Archeologists find remains of Roman-era temple in Egypt

The Antiquities Ministry said Thursday that the temple, which dates back to the reign of Roman Emperor Antoninus Pius, was found near the Siwa Oasis in the western desert. It includes the foundations of a large limestone building.

Temple dates back to the 2nd century reign of Roman Emperor Antoninus Pius

In this undated photo released by the Egyptian Ministry of Antiquities, archeologists examine an ancient stone found among the remains of a temple dating back to the 2nd century, some 50 km west of Siwa Oasis, Egypt. (Egyptian Ministry of Antiquities/Associated Press)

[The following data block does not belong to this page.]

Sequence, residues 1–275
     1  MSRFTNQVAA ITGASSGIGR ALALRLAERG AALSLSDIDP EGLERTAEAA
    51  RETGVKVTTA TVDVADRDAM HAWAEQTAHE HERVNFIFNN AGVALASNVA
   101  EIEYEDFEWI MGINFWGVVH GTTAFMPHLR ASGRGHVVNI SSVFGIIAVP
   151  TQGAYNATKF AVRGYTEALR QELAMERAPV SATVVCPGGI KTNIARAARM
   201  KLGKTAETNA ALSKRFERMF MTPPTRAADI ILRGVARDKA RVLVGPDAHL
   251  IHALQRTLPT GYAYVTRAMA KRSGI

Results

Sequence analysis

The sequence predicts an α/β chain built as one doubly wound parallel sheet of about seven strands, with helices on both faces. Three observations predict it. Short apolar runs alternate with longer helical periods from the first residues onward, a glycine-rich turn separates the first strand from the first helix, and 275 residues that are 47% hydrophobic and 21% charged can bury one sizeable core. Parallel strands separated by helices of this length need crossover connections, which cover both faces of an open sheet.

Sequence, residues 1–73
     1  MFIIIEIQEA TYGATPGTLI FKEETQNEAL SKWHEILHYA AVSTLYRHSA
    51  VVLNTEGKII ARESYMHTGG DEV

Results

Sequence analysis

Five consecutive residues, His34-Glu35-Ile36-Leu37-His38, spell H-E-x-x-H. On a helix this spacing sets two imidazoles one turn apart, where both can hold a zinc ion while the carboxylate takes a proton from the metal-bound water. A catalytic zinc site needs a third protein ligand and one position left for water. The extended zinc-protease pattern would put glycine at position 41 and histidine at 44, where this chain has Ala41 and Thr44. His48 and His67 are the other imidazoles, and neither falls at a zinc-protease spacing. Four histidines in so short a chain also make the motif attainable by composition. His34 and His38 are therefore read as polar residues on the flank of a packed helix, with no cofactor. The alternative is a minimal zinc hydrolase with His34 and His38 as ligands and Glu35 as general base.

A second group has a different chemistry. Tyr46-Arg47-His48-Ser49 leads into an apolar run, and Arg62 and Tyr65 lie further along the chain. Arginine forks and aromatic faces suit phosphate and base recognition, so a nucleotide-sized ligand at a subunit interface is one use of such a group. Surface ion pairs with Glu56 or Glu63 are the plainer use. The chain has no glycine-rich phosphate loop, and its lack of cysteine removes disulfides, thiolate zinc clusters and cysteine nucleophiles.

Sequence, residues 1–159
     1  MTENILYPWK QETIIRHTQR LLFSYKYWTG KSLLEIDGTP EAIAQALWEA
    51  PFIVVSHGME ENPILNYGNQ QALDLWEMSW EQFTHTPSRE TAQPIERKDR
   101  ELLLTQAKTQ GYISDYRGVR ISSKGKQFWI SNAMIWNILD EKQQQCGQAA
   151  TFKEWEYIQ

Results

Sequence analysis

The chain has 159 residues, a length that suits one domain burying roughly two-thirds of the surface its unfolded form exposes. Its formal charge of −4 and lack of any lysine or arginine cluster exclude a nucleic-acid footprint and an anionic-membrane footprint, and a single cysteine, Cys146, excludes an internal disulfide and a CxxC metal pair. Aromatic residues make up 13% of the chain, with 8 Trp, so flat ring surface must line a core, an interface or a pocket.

Egypt says archeologists have uncovered the remains of a temple dating back to the second century.

The Antiquities Ministry said Thursday that the temple, which dates back to the reign of Roman Emperor Antoninus Pius, was found near the Siwa Oasis in the Egypt's western desert. It includes the foundations of a large limestone building.

The ministry said Thursday that the temple dates back to the reign of Roman Emperor Antoninus Pius. (Egyptian Ministry of Antiquities/Associated Press)

Abdel-Aziz al-Dimeiry, head of the archeological mission, said the group found a five-meter long limestone painting bearing Greek inscriptions and decorated with the sun disc surrounded by cobras.

He says the painting, which is believed to be part of the temple's entrance, was found in good condition and will undergo restoration.